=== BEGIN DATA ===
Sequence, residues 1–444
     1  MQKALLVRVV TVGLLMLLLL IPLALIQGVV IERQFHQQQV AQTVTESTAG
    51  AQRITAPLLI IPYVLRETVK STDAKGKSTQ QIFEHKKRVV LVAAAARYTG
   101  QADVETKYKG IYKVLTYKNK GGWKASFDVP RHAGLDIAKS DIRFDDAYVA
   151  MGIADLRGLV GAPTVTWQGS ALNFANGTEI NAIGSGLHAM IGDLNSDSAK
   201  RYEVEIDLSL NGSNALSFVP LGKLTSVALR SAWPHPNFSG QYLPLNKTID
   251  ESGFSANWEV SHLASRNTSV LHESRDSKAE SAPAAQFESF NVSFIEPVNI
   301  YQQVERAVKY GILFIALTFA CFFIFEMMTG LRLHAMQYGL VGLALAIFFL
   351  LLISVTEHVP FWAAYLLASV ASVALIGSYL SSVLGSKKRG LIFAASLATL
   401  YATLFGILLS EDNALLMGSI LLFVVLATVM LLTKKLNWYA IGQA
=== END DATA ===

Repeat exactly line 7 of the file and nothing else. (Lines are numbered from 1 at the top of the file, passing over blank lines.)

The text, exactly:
   251  ESGFSANWEV SHLASRNTSV LHESRDSKAE SAPAAQFESF NVSFIEPVNI